This time of year, almost everyone seems to be doing some kind of traveling. AAA projects that more than 100 million Americans will travel in the Dec. 23 – Jan. 3 period, setting an all-time record. The vast majority (91.3 million travelers) will drive, but the estimated number who will fly to a holiday destination also has grown, to some 5.8 million. If you’re one of those people planning to cram yourself into one of those planes, here are some ideas that could make your experience more bearable.
1. Dress for the occasion
You’re going to be sitting for hours. If you’re unlucky, you’ll be next to someone who doesn’t quite fit in their seat. You’ll want to give yourself as much comfort as you can. Wear loose-fitting clothes, this is not the time for skinny jeans, ideally something you can take a nap in. Dress in layers so you can easily adapt to the plane’s temperature. Wear shoes you can slip off and on easily, for comfort and for ease at security.
Being on a plane dries you out. Make sure to drink plenty of water on the flight and maybe even the day before. If you want to bring some with you, remember that you need to buy it or fill your bottle from home after passing through airport security. Consider bringing eye drops or lip balm. Some people even bring a nasal spray.
Make sure to charge the night before any devices you’re bringing. Some planes, though not all, now have USB ports so you can plug in while in flight. Make sure you carry the power cords you need and your headphones somewhere accessible. Download anything you’re going to want the night before, rather than rely on the sometimes dodgy in-flight Wi-Fi.
If you can do it the night before, check how your airline handles in-flight entertainment. If not, check just after you take your seat. Some airlines now have apps you need to download before you can access any of the movies or TV shows they offer. However, the apps may not be available for download in-flight.
More classic options work, too. The batteries will never run out on a book or magazine, and you don’t have to put it away at any point in the flight. Coloring books can be great for the little ones, especially if you’re trying to limit their screen time. If you don’t want to lug a box of crayons, see how many shades of blue you can get out of one pen.
4. Maybe don’t buy American
If you’re traveling internationally, consider using an airline based in the other country. They often have lots of free perks that U.S.-based airlines don’t offer, such as blankets, pillows and moist towels for refreshing your face. These amenities can add up to a much more comfortable flight.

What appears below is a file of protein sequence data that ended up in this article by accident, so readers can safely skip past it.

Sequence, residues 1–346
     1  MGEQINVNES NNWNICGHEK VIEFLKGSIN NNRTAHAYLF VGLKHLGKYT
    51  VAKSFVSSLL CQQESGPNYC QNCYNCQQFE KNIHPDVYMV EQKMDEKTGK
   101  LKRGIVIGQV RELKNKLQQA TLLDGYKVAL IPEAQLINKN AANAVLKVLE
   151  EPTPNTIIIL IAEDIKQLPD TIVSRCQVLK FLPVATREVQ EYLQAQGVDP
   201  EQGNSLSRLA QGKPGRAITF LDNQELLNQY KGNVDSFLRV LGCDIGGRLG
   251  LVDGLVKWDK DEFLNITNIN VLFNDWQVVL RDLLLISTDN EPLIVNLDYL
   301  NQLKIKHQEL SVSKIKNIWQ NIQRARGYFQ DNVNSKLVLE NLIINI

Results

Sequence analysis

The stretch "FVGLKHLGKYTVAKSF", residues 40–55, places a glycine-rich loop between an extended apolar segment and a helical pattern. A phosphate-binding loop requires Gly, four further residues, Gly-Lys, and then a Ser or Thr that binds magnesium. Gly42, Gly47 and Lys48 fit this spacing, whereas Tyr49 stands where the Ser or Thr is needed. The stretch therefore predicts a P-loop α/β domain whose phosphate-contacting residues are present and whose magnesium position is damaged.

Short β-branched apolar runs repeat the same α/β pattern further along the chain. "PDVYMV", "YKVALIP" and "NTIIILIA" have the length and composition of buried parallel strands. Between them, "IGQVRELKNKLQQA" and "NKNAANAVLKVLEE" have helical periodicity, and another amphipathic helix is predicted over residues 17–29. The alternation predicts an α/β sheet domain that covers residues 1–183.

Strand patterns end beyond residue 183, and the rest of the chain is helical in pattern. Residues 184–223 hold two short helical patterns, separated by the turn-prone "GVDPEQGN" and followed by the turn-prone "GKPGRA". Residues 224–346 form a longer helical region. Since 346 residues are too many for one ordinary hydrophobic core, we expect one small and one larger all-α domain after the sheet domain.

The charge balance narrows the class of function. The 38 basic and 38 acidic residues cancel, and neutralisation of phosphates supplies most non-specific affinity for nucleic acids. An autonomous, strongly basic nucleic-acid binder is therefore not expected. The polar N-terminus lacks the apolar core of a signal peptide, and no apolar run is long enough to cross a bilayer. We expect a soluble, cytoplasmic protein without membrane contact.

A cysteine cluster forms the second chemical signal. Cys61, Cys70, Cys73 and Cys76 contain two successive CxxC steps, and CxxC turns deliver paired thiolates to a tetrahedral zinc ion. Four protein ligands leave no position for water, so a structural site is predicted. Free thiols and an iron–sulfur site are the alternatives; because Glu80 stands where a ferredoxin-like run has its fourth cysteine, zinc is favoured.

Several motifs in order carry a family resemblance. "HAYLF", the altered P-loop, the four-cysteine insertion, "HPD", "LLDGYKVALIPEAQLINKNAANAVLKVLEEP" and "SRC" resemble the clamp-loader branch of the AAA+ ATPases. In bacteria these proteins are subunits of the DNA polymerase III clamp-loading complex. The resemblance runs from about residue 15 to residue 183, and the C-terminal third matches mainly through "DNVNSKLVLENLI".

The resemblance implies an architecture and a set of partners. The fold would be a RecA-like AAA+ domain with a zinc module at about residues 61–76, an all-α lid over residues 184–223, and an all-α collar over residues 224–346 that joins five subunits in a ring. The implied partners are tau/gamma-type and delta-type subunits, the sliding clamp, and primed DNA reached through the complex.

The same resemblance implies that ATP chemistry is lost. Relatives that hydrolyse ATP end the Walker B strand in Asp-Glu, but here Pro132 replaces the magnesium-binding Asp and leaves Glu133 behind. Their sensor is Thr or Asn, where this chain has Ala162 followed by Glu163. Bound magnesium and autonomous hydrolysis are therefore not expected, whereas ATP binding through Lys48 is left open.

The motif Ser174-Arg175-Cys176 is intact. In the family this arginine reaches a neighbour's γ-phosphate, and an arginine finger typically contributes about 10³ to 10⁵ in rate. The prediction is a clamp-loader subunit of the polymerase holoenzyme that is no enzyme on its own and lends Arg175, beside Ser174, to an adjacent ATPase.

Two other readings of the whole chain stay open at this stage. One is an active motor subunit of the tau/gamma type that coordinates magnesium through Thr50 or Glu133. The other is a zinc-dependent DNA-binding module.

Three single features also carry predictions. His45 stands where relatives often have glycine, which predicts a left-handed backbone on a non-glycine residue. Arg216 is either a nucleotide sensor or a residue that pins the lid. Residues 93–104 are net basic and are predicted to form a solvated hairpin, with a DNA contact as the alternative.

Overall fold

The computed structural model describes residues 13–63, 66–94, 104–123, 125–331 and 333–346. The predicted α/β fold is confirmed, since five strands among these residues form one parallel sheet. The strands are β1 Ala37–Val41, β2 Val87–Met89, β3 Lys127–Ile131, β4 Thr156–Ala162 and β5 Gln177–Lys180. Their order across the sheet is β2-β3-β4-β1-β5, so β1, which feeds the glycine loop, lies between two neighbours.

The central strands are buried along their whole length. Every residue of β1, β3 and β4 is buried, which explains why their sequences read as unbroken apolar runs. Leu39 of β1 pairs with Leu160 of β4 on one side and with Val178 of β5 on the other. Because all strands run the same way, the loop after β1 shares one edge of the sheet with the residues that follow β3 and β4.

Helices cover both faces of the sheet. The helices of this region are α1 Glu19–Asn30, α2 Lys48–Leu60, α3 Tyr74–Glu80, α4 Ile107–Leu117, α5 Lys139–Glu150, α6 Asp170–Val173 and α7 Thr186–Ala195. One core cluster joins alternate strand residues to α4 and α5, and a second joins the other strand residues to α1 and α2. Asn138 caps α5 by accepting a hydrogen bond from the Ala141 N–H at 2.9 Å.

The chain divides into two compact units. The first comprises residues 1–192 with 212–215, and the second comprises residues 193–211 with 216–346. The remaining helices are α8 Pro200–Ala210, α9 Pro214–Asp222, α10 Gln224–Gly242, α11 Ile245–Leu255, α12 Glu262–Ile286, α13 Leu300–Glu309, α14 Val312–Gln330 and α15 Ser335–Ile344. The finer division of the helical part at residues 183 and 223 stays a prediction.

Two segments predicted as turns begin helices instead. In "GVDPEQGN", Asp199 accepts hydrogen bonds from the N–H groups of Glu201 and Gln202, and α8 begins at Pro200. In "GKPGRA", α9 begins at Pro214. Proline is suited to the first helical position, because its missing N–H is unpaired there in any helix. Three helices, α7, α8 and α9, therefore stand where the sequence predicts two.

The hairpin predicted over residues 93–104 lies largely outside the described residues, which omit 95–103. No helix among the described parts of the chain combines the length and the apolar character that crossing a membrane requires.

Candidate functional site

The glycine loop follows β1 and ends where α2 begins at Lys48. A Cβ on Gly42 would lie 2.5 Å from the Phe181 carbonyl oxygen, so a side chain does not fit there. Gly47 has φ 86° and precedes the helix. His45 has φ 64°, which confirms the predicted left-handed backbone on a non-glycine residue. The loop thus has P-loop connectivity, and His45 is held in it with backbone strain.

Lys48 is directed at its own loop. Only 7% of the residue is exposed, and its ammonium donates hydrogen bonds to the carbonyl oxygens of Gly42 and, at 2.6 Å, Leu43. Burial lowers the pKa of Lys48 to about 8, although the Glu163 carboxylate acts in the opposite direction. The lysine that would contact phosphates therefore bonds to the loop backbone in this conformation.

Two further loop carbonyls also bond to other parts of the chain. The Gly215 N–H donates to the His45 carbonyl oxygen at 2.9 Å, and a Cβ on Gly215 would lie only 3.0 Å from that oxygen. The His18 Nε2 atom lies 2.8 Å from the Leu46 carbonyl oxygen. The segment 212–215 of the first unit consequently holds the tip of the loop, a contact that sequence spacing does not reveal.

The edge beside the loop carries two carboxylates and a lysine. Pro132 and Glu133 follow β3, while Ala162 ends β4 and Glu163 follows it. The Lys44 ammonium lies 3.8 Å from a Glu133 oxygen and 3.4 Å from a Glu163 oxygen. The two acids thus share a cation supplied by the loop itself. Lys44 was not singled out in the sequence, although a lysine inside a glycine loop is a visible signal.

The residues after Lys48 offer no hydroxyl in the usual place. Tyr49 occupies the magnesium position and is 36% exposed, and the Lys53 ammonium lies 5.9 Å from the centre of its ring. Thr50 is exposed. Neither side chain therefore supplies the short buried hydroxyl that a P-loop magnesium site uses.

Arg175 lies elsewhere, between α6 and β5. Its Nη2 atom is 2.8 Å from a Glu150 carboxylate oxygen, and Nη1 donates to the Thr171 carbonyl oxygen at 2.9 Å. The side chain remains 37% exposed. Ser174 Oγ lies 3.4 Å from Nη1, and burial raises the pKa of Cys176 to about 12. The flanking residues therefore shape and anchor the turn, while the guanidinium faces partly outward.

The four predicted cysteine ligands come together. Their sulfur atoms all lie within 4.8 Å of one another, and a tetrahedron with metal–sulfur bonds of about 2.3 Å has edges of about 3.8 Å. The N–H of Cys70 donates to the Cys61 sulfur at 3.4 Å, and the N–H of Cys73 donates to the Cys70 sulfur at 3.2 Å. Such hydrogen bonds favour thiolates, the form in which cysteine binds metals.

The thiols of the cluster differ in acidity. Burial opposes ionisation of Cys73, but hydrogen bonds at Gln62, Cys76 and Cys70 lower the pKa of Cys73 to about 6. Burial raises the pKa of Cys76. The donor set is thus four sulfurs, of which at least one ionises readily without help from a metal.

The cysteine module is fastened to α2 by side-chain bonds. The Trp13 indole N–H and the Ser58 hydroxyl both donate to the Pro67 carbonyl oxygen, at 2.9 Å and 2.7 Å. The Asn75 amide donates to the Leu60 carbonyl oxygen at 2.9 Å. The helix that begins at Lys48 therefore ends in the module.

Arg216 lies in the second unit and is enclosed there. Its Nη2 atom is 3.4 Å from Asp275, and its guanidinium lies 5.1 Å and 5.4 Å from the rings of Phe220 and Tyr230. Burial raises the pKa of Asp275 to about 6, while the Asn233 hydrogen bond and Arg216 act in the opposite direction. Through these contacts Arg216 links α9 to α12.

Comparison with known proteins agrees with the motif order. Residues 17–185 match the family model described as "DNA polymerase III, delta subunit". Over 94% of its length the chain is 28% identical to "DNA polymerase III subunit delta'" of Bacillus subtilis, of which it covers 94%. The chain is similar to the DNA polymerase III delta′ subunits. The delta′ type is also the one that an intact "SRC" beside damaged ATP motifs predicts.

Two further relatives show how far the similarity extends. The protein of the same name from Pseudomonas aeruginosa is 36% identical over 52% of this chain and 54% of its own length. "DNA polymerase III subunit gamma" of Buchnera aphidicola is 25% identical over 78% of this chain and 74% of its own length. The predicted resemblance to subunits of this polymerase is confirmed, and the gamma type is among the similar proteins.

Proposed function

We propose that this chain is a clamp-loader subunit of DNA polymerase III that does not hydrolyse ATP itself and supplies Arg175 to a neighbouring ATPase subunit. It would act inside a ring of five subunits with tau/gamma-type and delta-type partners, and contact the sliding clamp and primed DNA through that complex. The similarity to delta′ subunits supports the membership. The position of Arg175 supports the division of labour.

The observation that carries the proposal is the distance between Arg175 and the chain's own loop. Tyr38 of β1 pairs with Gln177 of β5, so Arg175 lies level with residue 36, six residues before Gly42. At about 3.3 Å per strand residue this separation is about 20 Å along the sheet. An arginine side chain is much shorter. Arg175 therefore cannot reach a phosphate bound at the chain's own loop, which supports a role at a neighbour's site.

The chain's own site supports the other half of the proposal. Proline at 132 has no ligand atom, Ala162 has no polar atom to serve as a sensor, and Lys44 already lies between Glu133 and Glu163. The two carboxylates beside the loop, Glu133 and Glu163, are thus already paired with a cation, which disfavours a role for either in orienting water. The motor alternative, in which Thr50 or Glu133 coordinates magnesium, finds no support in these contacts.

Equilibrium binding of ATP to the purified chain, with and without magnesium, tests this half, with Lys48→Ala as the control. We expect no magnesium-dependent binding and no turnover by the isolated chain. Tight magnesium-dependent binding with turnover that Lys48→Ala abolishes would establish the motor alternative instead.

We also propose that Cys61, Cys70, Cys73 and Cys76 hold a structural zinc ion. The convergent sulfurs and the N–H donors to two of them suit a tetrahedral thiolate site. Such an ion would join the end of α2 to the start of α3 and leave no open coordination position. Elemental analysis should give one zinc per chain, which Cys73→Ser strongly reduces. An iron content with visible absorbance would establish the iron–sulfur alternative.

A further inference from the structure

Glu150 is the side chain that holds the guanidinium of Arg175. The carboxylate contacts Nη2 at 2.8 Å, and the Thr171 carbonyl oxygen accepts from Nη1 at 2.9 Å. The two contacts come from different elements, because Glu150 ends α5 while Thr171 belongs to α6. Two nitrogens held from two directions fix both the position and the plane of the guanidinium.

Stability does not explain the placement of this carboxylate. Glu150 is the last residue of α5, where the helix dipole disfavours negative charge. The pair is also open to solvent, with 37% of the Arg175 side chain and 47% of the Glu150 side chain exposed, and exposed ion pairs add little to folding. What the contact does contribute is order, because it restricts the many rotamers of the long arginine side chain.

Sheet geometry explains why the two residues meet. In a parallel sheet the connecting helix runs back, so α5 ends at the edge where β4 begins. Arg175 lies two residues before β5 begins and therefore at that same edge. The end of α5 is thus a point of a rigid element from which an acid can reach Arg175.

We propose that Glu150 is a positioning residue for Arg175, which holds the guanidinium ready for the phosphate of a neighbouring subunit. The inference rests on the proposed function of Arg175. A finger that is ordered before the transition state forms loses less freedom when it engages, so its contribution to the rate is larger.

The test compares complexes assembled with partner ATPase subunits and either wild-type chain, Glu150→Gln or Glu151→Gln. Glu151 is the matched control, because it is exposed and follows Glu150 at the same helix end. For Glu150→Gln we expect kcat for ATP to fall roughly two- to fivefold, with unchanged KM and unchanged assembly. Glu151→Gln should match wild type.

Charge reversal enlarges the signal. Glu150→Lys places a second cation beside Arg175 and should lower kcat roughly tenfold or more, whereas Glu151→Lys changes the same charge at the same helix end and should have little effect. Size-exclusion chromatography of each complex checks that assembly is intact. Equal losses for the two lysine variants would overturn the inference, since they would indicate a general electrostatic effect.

5. Try out those sleeping pills in advance
If you plan to use a sleep aid on the plane, test it out at home first. You don’t want to find out you have a bad reaction to them while you’re in the air.
6. Move around
Sitting in one position for an extended time can be very bad for your body. In some cases, it can lead to serious conditions. Take advantage of that seat-belt sign being off and get up for a walk along the aisle, or if you can’t, just stretch your leg muscles occasionally. This one works well for the kids, too. They may not be able to burn off all of their energy, but even a small jaunt on the plane can help them get some wiggles out.
7. Don’t check the time
You know what happens to watched pots? Same principle applies. The pilot is not going to speed up, and checking your watch will only make the flight feel longer.
8. Bring mints to share
This one calls for a bit of subtlety. If your seat-mate has a bit of bad breath, take out your tin of Altoids and pop one in your own mouth. Simple courtesy dictates you offer one to the person next to you. If you’re lucky, they take it, breath problem solved. Unfortunately, this method won’t work with deodorant.
9. Pick your seats early
You probably check in the night before, but if you don’t, you should. In fact, check in as soon as you’re able in order to get a good seat, and one actually next to the person you’re traveling with. Some people swear by aisle seats for easy bathroom access. Though, they also have to stand up when the person on the inside has to go, so there’s a trade-off. Exit rows give you extra legroom, though some airlines are now placing a price premium on those seats, so beware of that.
For really long flights, ones that involve crossing an ocean, consider upgrading to a business-class or first-class seat. The extra space, the ability to recline the seat into horizontal or near-horizontal position and better food and service may mean you arrive feeling rested and more prepared to enjoy your destination. What are you saving all those miles for, anyway? (Good news: American Airlines just announced it was introducing a new seat class for international flights offering more perks than economy class but less expensive than business class.)
11. Pack light
It’s tempting to jam everything you can into your carry-on, if only to avoid baggage fees. But that stuff you bring could end up working against you. If you need to keep things under the seat in front of you, you’ll be fighting with your own belongings for legroom.
What travel secrets do you have for comfort on long flights? Share with us in comments below or on our Facebook page.